Saturday 13 July 2013

Theatre Review, Dusa, Fish, Stas and Vi (Finborough)

The plays of Pam Gems have often focused upon celebrated figures – from Queen Christina to Edith Piaf, Stanley Spencer to Marlene Dietrich – with the playwright attempting to examine the human reality behind iconic images. But the work that helped to make Gems' name was actually a more intimate affair centred entirely on the experiences of "ordinary" characters in a relatable domestic situation.
Dusa, Fish, Stas and Vi, which premiered at Edinburgh Festival Fringe in 1976 under the less-alluring title Dead Fish and which then had great success in its transfer to London, takes as its focus the lives of four young women sharing a tiny flat. Often described as a landmark of 1970s feminist theatre, Gems' play looks a little thinner in its weave and more contrived in its design than it might have done in 1976; it's not, after all, as deeply textured or richly complex a piece of work as its reputation might suggest.
Still, Helen Eastman's piquant, well-acted and surprisingly tuneful revival at the Finborough (staged to commemorate the centenary year of the death of suffragette Emily Wilding Davison) nonetheless proves a welcome event, and a worthy addition to the Finborough's reliable repertoire of revivals.
The play concerns the arrival of Dusa, an anxious twenty-something who's just separated from her husband, at the bedsit owned by her friend Fish and shared by Fish's flatmate Stas. Though Dusa discovers that the flat already has another lodger - the teenager Vi - room is made for her, and as the four women set about adjusting to each other, the details of their individual lives and personalities start to emerge and entwine. Dusa is fretting about the fate of her two children following the split. Stas is a physiotherapist moonlighting as a prostitute in order to fund her prospective PhD in marine biology. Vi is an anorexic who's aborted an unwanted baby. And Fish, a campaigner inspired by the left-wing German revolutionary Rosa Luxemburg, is embroiled in a tricky relationship with her partner, Alan.
The impact of Dusa, Fish, Stas and Vi isn't hard to see. The play's short, blurty scenes, its crude sex talk, its spliff-sharing, its occasional surges into melodrama and its attempt to dramatise unspoken aspects of women's lives has influenced everything from TV's much-missed Pulling to Amelia Bullmore's correspondingly titled - and similarly-themed – recent Hampstead hit Di and Viv and Rose.
Clearly, Gems has constructed her quartet as representatives of contradictory/complementary aspects of femininity, and uses them to demonstrate her thesis that all of the four women, though apparently "liberated," are, in their different ways, casualties of the ongoing sex war: in Gems' terms, "an indictment of our age". Dusa embodies maternal instincts; Fish evokes politically conscious feminism and socialism; Stas represents sexual stereotyping; Vi is the truculent teen. These images are also subverted, though, as Gems strives to show that each of the characters has her measure of strength and vulnerability, often residing in unexpected places.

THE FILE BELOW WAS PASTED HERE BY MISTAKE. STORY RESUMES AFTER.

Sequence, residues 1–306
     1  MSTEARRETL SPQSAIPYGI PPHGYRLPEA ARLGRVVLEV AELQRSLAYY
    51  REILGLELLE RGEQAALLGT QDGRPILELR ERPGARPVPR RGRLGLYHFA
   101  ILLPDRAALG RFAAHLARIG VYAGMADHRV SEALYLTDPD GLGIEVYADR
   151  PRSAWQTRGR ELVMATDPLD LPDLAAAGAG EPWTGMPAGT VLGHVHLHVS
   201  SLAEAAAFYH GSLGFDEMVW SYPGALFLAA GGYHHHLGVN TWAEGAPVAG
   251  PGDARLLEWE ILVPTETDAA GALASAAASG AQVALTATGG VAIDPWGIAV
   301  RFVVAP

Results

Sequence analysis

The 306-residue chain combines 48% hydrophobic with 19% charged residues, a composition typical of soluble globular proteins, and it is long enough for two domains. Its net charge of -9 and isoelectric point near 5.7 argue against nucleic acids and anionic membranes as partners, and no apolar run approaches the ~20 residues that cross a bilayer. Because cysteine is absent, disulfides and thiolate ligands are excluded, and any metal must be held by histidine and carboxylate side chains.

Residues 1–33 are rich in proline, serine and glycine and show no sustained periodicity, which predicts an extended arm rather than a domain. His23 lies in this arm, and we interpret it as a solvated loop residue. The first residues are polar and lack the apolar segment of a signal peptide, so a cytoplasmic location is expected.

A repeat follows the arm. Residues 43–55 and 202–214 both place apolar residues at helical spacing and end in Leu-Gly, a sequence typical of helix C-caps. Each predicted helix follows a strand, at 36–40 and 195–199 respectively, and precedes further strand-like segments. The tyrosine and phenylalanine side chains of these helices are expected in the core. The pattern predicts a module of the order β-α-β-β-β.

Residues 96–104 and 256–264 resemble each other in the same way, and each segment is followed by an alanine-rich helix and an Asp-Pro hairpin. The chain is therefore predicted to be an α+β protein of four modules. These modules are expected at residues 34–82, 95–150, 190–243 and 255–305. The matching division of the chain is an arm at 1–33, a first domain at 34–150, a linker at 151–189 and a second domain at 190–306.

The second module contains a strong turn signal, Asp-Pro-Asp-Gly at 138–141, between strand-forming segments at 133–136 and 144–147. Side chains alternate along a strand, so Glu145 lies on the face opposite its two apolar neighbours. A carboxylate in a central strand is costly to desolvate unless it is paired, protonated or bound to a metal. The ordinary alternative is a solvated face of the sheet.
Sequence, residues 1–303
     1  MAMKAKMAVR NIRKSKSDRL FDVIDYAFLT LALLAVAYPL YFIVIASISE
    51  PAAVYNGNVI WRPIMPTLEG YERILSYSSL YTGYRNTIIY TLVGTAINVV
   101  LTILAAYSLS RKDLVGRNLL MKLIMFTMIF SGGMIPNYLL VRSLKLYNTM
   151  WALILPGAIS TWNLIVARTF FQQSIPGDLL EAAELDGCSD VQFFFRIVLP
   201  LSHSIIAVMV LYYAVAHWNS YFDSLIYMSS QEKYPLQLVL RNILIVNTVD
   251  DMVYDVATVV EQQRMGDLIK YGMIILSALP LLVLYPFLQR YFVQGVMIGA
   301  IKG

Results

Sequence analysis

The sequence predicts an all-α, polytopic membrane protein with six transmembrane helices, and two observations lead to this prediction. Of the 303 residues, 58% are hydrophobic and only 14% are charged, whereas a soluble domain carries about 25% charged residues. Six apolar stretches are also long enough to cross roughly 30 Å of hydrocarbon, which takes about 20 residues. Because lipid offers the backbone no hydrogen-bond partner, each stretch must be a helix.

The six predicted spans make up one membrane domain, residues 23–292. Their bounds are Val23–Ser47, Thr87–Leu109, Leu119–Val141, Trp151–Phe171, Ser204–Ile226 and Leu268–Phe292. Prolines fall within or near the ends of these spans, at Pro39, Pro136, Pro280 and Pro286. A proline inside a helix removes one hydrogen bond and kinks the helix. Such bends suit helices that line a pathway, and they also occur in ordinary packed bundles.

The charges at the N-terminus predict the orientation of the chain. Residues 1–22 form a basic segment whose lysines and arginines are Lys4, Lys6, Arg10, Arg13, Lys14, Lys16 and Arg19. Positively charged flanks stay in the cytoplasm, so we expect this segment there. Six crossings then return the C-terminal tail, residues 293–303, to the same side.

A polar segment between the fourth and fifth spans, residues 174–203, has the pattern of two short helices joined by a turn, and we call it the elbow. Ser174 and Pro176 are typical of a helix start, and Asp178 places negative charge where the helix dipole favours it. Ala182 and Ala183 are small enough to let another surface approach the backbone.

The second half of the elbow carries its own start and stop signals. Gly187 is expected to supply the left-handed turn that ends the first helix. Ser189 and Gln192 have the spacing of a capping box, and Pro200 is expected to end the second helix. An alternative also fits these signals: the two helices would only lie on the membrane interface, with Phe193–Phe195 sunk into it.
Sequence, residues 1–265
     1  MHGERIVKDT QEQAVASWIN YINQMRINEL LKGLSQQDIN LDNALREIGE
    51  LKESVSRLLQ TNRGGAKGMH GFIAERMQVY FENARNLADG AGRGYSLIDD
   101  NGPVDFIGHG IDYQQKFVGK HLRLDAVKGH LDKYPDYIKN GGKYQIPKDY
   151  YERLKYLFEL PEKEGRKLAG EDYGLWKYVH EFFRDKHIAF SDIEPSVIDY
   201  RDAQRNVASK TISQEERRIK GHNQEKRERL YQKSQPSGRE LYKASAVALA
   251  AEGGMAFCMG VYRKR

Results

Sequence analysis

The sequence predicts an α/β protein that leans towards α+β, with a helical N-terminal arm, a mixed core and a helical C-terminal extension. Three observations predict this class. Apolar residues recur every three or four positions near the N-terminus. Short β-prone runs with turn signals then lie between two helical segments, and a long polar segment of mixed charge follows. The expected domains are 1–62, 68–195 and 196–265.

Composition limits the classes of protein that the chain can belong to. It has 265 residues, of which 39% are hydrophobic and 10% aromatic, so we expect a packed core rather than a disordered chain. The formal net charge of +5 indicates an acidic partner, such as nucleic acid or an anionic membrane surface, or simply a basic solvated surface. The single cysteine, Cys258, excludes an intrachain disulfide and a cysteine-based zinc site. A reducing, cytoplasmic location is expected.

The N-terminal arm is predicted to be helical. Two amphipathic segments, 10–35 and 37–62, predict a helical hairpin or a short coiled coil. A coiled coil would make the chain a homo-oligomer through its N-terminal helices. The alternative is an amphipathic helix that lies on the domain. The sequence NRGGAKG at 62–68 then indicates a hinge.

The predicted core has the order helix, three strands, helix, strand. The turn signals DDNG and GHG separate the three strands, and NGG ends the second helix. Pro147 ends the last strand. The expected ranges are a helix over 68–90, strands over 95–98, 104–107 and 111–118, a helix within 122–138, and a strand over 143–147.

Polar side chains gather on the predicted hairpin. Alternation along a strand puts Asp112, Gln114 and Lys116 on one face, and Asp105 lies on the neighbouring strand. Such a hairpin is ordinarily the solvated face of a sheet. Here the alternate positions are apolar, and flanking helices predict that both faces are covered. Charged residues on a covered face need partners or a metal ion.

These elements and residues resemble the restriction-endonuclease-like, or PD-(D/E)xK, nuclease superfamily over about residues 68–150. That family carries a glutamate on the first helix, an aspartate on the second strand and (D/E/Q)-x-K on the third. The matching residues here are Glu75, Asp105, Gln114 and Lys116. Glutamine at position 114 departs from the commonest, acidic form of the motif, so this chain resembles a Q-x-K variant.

And yet you may feel, ultimately, that Dusa, Fish, Stas and Vi looks considerably less radical in its position on gender than, say, the early 20th Century work of Githa Sowerby, whose Rutherford and Son and The Stepmother have both received accomplished revivals this year. The play's perspective on Fish's idealistic position – a vision of men and women "breaking moulds together" - is pessimistic, but that pessimism – cemented by an abrupt and inauthentic tragic final twist – feels pat and unearned at the end. This may be due to the rather sketchy, soapy elements in Gems' writing, and the fact that the play, while consistently lively, doesn't really go deep enough into its characters to make their dilemmas count as much as they might.
Despite these shortcomings, though, at its best Gems' play has the savour of its moment and shows vividly how the problems facing the four characters – dilemmas traditionally sidelined as "women's issues" – are in fact central to the texture of their daily lives. And Eastman's production succeeds in finding most of the writing's strengths, nicely managing its movements from merriment to melancholy. Vivid performances help, with Olivia Poulet's bustling but unravelling Fish, Emily Dobbs's strident Stas, Helena Johnson's Jane-Horrocks-in-Life-is-Sweet-channelling Vi, and Sophie Scott's harried Dusa working well to make the characters' shifts from conflict to camaraderie feel natural.
Katie Bellman's design - garish flowery wallpaper, a green sofa bed, Sexual Politics on the book-shelf – conjures place and period without fuss, while the production's use of the theatre's "real" window – which gets smoked out of, and shouted through – is a lovely touch.
But perhaps the most affecting and evocative element in Eastman's production is its use of music. A range of 70s folk, pop, rock and punk songs by female musicians are employed to augment and punctuate the scenes, accentuating themes and emotions in a subtle and moving way. In the loveliest, most sustained of these interludes, Scott's Dusa, left alone in the flat, responds to a piece of heartening news as Fleetwood Mac's "Landslide" lilts away on the stereo. Eastman can't make Gems' contrived climax work, but in such quiet, unstressed episodes, the production transmits the intimate moments in its characters' lives in a way that goes straight to the heart.

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